The tossup/bonus format is the most common format used in both high school and collegiate quizbowl. In this format, the game consists of the reading of tossup questions which either team can buzz in on. The team which answered the tossup correctly receives a bonus question, which they control. If neither team answers a particular tossup, then the match goes on to the next cycle and the next tossup is read - this means that one fewer bonus question gets used.
Usually, games in the tossup-bonus format are untimed, and a set number of tossups are read with their corresponding bonuses before the game is ended and the team with more points is declared the winner. The standard used by ACF, HSAPQ, PACE, and many other question sets is the reading of 20 tossup-bonus cycles, in which case the format is sometimes called the 20/20 format. Some local high school and middle school tournaments use a different number of questions. The tossup-bonus format can also be played timed, in which case the expiration of a clock determines how many tossup-bonus cycles are read in each half of the game.
Hilariously, CBI once claimed a legal trademark on the tossup-bonus format.
- See: tossups
Tossup questions are read to both teams; an individual must buzz in and answer the tossup correctly for their team to receive points for their team.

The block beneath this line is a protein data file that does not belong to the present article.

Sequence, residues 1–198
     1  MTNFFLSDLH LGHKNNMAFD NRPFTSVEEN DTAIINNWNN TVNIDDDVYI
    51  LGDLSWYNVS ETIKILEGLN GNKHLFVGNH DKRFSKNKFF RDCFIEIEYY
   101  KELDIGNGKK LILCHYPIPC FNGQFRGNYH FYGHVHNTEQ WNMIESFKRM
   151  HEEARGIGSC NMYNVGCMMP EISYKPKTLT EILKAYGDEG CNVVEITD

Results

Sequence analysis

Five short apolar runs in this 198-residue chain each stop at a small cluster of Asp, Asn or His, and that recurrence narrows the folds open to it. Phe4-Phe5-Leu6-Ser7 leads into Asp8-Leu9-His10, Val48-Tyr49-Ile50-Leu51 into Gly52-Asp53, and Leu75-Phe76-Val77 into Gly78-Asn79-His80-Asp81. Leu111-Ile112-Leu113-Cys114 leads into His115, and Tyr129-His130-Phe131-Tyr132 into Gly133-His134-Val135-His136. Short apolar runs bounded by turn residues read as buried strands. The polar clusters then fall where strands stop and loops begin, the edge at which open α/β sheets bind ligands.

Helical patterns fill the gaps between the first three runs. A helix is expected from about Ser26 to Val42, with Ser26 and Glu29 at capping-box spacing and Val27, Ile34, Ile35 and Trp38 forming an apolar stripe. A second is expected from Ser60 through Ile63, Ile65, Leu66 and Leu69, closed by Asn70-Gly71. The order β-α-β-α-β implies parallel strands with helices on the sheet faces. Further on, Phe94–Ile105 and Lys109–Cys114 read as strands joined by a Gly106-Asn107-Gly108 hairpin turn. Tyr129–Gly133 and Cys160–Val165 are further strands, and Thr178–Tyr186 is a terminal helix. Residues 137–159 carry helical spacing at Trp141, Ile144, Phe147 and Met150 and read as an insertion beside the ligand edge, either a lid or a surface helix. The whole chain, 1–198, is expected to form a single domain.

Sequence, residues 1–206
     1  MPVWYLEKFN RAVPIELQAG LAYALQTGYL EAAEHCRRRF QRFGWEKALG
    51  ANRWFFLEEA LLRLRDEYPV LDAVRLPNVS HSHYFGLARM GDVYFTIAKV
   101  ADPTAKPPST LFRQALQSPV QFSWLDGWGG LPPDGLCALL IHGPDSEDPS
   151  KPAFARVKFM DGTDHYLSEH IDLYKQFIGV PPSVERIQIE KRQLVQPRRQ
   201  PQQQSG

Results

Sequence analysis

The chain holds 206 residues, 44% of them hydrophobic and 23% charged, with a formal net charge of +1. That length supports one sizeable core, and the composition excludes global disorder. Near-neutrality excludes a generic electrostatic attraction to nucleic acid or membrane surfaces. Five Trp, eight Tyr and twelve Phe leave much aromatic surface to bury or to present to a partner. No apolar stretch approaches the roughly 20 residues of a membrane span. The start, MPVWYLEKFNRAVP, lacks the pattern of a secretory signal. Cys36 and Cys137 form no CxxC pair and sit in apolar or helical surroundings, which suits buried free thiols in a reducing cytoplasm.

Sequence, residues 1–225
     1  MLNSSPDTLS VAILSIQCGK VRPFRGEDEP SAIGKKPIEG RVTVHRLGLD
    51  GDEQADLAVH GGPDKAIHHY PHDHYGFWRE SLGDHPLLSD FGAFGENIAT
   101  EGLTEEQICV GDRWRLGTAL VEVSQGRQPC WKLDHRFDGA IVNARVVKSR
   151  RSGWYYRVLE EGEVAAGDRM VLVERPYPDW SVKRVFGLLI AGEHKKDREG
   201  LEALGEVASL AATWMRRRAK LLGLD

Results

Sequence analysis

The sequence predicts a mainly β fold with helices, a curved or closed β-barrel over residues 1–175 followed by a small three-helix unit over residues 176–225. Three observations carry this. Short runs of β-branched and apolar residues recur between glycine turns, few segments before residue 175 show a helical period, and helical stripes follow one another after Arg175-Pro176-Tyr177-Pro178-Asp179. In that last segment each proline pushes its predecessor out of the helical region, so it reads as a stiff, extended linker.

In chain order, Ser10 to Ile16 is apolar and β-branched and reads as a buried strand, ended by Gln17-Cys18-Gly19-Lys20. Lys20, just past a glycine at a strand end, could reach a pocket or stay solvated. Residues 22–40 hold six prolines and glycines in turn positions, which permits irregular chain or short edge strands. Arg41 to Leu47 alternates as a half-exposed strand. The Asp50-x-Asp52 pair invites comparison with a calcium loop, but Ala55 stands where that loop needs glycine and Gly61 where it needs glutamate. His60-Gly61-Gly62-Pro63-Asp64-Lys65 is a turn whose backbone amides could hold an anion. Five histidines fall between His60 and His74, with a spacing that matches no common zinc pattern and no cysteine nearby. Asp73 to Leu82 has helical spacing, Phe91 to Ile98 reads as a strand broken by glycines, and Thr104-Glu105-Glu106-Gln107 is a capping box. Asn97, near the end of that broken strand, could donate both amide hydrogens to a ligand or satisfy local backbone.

In the tossup-bonus format, all buzzing on tossups is entirely individual; players are not allowed to confer to answer a tossup, either by speaking to or writing notes for a teammate. If neither team answers a particular tossup, the moderator states the answer and moves on to the next tossup (this is referred to as a question "going dead").
- See: bonuses
A team which answers a tossup correct receives a corresponding bonus read only to them.
In contrast to tossups, bonuses are team-oriented and conferring is not only allowed but encouraged. The standard format for bonuses has an easy part, a medium part, and a hard part (not necessarily in that order); each is worth 10 points.